And I have to tell you something else about Javier... I made him up just like I made up all of the characters in the novel. I had never heard of a Born Again Christian mariachi, and I haven’t still, even though I did a lot of research trying to find one. But one day I was at the flea market in San José. I was walking toward La Plaza del Mariachi. I noticed that one of the men in the mariachi was not wearing his traditional traje de charro. I immediately became angry. I, like Javier, consider being a mariachi a serious station in life. It wasn’t until I got closer that I noticed what the man’s t-shirt said. He was a trumpet player and his shirt read: I blow the horn for Jesus. See, I told you. Javier does exist. Perhaps he goes by a different name and doesn’t drive a 1976 Chevrolet Monte Carlo, but he’s out there.
Q:You have a wonderful passion for fashion; a passion that is clear from your wonderful descriptions of your characters outfits. And of course a passion that many of your characters share. A couple questions for you on this front: How long have you been interested in fashion (and shopping!) and tell us a little about your business dealing in vintage clothing?
A:Since I am interested mostly in vintage clothing, I prefer the term “hunting” as opposed to “shopping”. When I was in college I discovered a place where I could buy clothes for a dollar a pound, shoes for a dollar a pair, and where the merchandise is changed twice daily. I started lining up at this place twice daily and still do. I unearth wonderful treasures and sell them to the “buy, sell” trade stores up in San Francisco. I really enjoy my work and feel that it’s good for the environment. And these clothes do have a history that needs to be preserved.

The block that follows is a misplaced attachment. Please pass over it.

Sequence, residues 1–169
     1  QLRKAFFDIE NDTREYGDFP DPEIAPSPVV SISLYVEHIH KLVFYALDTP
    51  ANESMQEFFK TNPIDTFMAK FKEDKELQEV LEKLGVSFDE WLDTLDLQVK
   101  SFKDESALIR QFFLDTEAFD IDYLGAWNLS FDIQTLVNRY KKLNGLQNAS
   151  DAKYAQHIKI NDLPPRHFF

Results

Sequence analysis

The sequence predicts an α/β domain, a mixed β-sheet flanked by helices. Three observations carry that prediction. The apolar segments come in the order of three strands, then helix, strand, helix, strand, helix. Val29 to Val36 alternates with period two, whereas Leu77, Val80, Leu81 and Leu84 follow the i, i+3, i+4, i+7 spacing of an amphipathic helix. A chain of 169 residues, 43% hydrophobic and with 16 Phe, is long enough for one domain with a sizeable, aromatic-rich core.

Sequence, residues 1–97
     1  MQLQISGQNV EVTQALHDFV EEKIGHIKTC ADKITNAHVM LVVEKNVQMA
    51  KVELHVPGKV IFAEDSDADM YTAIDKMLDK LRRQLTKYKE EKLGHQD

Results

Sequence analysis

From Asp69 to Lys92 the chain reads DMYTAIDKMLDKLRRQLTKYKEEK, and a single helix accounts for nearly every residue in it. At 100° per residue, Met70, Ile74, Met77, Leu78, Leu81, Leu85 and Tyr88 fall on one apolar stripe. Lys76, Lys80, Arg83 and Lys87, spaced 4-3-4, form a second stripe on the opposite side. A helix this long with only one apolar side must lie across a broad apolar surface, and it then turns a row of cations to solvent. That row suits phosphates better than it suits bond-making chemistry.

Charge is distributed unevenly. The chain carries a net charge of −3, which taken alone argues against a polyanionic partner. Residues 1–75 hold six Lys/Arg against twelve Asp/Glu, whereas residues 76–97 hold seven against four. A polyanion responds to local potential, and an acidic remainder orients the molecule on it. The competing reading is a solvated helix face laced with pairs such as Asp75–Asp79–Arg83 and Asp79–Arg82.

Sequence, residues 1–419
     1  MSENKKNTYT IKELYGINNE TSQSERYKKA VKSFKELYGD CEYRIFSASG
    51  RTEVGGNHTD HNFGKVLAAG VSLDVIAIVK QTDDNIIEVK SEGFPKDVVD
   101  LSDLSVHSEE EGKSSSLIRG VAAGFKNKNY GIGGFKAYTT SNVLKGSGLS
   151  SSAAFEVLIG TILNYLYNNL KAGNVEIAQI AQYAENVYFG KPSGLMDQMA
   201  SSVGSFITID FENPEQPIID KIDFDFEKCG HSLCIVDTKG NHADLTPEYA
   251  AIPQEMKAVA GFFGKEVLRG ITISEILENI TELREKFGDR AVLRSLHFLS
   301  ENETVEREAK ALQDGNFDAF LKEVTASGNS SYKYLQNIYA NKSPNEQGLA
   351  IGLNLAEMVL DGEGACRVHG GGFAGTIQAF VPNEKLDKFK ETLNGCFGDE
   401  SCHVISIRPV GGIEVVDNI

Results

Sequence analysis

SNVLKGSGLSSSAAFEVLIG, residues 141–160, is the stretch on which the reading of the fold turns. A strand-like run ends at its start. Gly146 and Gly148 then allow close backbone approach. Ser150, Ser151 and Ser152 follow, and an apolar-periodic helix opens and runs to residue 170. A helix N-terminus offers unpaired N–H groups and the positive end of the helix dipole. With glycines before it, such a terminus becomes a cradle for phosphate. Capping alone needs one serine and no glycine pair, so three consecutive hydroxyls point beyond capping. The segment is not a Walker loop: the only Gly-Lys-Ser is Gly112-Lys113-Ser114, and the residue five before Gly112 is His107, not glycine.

Q:When it comes to your novel, is clothing as important as setting? In other words, do clothes really make the man/woman?
A:I don’t think clothes make the man or the woman, but for me they set the scene. Since ¡Caramba! is about six main characters, it is largely episodic which means there is a lot of setting the scene. I am much more interested in what people are wearing than the weather or nature. For me, clothing provides a sense of the character’s style as well as their socio-economic position or even their sensibility.
Q:Throughout the novel you employ the ® registered trademark for brands. Why?
A:Similar to above, I think we live in a society where we are, for better or worse, defined by the products we consume. In college, I read a lot of Marx and became interested in his ideas about commodities and how they become, in his terms, “fetishized”. As he so astutely points out, all commodities are the result of two things: labor and material. As such, everything should cost the same, yet it doesn’t. I think he was getting at something that is very much a part of our society. Products do have a mystique, a life of their own. That was my thinking in using the ® registered trademark.
Q:So I know your first ambition was to be the play-by-play announcer for the San Francisco Giants. You still holding out hope or are you going to stick with writing? In other words, what is next for you?
A:I am currently working on my second novel. But for me there are two times of the year: baseball season and the off-season. I am afraid I would never make it as a play-by-play announcer simply because all great announcers have to demonstrate, in the very least, partial impartiality, which is to say, it’s ok to let your allegiance to your team come through at times, but for the most part, you have to be impartial.
I cannot show impartiality when it comes to my team and what’s more, I would never make it as a play-by-play announcer for the same reason I would never make it on Jeopardy! It’s not for lack of preparation or ability, but because I get too damned excited and start screaming and jumping all over the place. Then again, I do hold out hope of being a guest commentator on a show such as Baseball Tonight or ESPN Deportes. I think establishing myself as a respected author could only help me toward this end and I am quite encouraged by the fact that women are finally getting into sportscasting.
So to answer your question if I haven’t already, writing is a priority for me.
From the Hardcover edition.